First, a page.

When to Plant Moonflower Seeds? (Best Time)

Written by

William Golder


Dorian Goodwin

when to plant moonflower seeds

Tired of flowers that bloom in the morning when you’re not home to witness it? If you feel this way, perhaps it’s time to grow some moonflowers, or Ipomoea alba, as botanists would call them. These plants blossom in the evening and produce an alluring fragrance that is guaranteed to make your garden more attractive.

You only have to know when to plant moonflower seeds to enjoy their presence. In short, it’s best to start a moonflower garden around late February to May under frost-free weather.

Plant name Moonflower/white moon flower/night-blooming morning glory
Categorization A tropical plant under the Ipomoea genus and Convolvulaceae family
Appearance Three-lobed leaves with round white or pink flowers
Companion plants Cypress vines, Cardinal climber, star jasmine, gardenias, roses, and dahlias
Growth requirements An inch of water a week, full sun, and a temperature of 60 to 70℉

Best Time to Plant Moonflower Seeds

1. Plant in spring

Spring is the best time of year to plant moonflowers because they need warm weather to thrive.

In general, you have two options when it comes to growing this plant: seed it indoors or direct-sow it outside. Considering that moonflower roots are sensitive to disturbance, it makes more sense to seed them in the garden and avoid transplanting.

However, I recommend sowing moonflowers indoors if you have a shorter growing season and live in a cold area. Just make sure to use a biodegradable pot to minimize root disturbance.

Here are the timeframes for starting a moonflower plant:

  • Indoors – six to eight weeks or four to six weeks before the last frost


  • Outdoors – one or two weeks after the final frost


As your plants grow, flower, and produce seeds, allow moonflower pods to dry on the vines in the fall and their seeds to drop to the ground. You can keep the soil damp and wait until spring comes, at which point the temperature will be warm enough to facilitate germination.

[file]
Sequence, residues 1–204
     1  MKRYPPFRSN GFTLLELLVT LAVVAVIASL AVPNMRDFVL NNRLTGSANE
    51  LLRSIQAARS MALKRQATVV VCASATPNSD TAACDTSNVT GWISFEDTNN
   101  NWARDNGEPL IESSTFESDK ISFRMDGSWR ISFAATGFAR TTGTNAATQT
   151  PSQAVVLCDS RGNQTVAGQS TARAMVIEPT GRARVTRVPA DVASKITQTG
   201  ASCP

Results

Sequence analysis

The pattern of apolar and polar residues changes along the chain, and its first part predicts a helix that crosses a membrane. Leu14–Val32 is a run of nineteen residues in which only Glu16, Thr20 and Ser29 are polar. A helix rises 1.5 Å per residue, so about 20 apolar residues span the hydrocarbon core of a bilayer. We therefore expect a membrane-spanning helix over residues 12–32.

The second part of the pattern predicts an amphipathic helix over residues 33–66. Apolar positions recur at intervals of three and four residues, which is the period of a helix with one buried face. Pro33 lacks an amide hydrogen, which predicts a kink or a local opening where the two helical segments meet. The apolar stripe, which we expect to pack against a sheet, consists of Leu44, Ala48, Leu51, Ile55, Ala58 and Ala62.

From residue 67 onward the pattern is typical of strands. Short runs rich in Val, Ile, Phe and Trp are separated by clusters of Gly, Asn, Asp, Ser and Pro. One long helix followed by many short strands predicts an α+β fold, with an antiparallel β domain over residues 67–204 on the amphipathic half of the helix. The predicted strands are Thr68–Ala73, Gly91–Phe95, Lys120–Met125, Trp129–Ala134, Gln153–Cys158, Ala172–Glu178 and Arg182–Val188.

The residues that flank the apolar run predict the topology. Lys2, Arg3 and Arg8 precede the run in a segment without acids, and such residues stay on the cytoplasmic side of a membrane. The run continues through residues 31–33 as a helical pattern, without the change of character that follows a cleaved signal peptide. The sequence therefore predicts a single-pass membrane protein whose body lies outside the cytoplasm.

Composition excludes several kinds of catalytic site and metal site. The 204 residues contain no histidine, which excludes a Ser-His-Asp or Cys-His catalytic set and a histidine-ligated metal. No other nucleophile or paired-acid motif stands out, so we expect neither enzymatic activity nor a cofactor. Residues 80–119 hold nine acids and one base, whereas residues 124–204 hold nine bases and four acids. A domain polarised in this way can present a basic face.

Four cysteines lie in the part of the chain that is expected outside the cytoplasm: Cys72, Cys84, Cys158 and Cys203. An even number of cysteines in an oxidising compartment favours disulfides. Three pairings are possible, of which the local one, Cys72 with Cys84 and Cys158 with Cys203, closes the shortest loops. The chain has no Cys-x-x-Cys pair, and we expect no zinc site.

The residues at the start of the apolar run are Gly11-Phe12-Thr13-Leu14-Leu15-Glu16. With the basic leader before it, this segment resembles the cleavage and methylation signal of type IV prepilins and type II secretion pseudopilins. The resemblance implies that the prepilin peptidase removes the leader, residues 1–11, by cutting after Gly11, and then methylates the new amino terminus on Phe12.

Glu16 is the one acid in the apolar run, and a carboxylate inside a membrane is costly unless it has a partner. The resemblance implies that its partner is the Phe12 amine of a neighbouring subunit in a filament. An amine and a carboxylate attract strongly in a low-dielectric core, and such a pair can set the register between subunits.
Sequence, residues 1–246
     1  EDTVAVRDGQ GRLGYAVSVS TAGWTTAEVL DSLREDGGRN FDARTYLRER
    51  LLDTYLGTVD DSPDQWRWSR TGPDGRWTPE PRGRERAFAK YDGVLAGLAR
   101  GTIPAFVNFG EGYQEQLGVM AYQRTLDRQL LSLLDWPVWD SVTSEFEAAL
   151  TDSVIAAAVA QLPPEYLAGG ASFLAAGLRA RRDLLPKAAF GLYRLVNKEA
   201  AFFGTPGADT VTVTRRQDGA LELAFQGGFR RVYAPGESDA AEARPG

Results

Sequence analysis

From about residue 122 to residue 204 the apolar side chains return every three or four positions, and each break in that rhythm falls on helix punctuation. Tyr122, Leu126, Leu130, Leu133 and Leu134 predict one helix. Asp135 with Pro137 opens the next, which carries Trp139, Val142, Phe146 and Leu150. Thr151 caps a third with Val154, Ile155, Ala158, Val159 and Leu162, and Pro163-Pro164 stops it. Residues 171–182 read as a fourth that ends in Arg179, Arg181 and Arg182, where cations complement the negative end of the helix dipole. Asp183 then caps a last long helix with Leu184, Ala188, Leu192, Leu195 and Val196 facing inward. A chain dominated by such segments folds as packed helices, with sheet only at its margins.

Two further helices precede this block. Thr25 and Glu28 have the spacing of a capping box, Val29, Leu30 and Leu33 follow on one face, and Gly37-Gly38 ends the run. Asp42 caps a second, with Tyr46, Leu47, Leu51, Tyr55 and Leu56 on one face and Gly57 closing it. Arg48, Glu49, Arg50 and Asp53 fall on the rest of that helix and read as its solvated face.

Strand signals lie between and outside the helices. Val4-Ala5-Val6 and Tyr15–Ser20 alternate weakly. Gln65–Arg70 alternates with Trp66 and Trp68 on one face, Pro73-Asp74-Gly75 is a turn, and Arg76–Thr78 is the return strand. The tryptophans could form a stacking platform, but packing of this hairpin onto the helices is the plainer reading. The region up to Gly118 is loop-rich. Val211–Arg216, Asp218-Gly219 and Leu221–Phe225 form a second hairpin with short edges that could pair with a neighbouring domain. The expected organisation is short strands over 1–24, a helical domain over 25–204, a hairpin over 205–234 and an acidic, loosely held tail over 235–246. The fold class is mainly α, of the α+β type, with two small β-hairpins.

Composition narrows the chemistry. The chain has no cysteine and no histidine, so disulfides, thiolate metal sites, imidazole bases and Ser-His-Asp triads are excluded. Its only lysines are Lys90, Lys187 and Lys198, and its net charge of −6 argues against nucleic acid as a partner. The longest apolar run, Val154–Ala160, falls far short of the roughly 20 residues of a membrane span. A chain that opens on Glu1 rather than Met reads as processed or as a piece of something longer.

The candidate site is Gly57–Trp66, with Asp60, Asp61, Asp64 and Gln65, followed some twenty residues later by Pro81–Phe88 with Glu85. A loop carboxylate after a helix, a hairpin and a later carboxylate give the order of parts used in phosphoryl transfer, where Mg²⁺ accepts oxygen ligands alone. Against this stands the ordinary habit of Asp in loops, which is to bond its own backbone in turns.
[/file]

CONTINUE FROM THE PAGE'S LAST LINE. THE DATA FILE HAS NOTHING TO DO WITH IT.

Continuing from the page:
Another option is to harvest moonflower seeds, dry them at room temperature for three to five days, then keep the seeds in an airtight container until it’s time to plant them in spring.

Whatever you choose to do, the time to gather seed pods or let moonflower self-seed is around October. Moonflowers will die in winter within hardiness zone 9 or lower. Here, it is best to remove them to make space for next season’s planting. For zone 10 to 12, cut your moonflowers and mulch the ground so that they’ll survive winter.

2. Planting time for different states

Here is the estimated time to plant moonflower vine seeds for some US states.

Regions-wise, the best place for growing them is the south or hardiness zone 9 to 12. You can start moonflower seeds in zone 3 or 4, but only in the summer when temperatures are high.

State Indoor planting Outdoor planting
Florida February Mid-April
North Carolina January to March March to May
Arizona November to May January to June
Texas November to March January to April
California November to March Late January to May

How to Plant Moonflower Seeds?


Plant moonflower seeds in soil with a pH of 6 to 7.5, somewhere with at least six hours of full sun per day.

In spring, sow the seeds at a depth of ¼ inch under a temperature of 60 to 70℉. You can space them six inches apart, since that’s how wide they can get, or position the plants twelve inches from one another to forgo thinning them down once they’re one or two inches tall.

The planting depth for growing moonflowers in containers is the same as for in-ground planting, but instead of garden soil, you should use a seed starting mix. I also recommend opting for peat pots to minimize transplant shock, since they will biodegrade over time.

Place the pots under bright, indirect light, and lay them on top of a heating mat if the weather is cold. Harden off the moonflower in pots for seven days before transplanting it outdoors.

Whether you have containers or in-ground gardens, keep the soil moist with an inch of water per week.

Some Common Problems With Moonflowers

Here are some problems you may encounter when growing moonflower from seed, plus ways to handle them: